World's Most Colorful Cities
Peter M. Wilson/Corbis
The word pretty isn’t often associated with the shantytowns of Rio de Janeiro. But gazing across the hills toward the notorious Santa Maria favela, you might be pleasantly surprised by the burst of colors—the result of a recent social art project launched by Dutch design duo Haas&Hahn.
“We chose to bring color to a neighborhood that did not have a tradition of that,” says Dre Urhahn, who, with his partner Jeroen Koolhaas, enlisted community members to view their walls as a blank canvas teeming with creative possibilities. “We did not just want to bring something to the neighborhood, but to let something grow out of the inspiration that we found there.”
Pockets of rainbow-bright residences and streets pop up in cities across the globe; some are contrived, like Haas&Hahn’s favela project and the commissioning of a blue-painted town in southern Spain by Sony Pictures to promote the Smurfs 3D movie (no, really). Others, like the eclectic homes and murals of Valparaíso, Chile, are more organic, inspired by the creative spirits of the residents that inhabit them.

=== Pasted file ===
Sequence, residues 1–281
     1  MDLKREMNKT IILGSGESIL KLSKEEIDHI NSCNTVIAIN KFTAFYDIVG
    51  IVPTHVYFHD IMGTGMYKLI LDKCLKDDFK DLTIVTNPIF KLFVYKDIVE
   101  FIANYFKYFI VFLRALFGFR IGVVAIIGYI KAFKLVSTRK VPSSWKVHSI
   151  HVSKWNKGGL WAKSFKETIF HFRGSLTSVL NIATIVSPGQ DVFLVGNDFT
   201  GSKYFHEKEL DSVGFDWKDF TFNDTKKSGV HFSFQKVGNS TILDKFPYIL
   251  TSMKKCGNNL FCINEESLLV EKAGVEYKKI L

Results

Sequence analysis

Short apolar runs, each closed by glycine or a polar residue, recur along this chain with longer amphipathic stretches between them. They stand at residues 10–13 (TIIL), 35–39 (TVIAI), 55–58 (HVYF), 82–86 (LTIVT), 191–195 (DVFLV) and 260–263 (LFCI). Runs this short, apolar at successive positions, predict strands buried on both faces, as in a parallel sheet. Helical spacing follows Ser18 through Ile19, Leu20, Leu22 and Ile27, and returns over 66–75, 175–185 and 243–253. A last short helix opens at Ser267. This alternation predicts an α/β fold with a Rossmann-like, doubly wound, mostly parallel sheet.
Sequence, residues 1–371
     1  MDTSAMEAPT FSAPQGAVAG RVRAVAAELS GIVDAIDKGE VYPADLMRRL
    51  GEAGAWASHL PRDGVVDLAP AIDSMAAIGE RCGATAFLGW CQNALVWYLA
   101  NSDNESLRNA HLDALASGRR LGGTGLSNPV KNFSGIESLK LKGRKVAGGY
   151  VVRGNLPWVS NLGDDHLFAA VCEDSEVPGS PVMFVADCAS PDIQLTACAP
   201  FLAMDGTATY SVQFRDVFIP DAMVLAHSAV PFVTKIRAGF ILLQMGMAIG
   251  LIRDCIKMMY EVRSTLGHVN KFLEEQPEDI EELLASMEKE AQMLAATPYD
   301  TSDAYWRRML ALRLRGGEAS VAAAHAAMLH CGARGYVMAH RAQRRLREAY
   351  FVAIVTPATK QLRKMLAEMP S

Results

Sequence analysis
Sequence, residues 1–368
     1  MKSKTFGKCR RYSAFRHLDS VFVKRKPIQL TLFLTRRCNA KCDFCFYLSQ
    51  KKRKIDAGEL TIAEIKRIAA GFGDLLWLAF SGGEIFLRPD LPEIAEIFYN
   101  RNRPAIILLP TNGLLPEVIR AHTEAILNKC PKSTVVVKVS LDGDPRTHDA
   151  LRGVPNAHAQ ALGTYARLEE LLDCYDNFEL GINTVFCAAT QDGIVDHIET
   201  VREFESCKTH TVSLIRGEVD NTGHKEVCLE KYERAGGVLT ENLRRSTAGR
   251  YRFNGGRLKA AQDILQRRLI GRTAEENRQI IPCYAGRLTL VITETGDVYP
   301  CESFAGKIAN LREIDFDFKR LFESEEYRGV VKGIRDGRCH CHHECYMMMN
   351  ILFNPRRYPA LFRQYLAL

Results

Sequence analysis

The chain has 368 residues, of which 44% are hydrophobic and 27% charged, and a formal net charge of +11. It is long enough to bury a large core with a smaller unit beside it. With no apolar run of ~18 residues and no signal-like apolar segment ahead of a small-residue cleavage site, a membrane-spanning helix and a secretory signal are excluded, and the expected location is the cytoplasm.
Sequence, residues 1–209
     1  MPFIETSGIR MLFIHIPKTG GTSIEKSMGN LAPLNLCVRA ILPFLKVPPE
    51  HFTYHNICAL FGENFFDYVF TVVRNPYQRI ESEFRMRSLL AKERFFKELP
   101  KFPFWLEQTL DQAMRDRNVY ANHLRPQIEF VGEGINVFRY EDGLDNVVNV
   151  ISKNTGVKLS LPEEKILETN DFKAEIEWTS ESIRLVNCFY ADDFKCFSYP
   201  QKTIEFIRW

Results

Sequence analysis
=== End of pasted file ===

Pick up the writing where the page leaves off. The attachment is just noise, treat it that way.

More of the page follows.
In many instances, the origins or inspirations of how these cities came to be so multicolored are the stuff of legend, their true provenances lost centuries ago. Could it really be that the Caribbean island of Curaçao was forced by government decree to dye its waterfront anything but white, to soothe an afflicted governor’s migraines?
From a monochromatic Indian city painted pink for a visiting English prince to the candy-colored waterfront of Miami’s South Beach, these landscapes bring a new level of vibrancy to austere deserts, mountains, slums, and already sparkling aqua waters.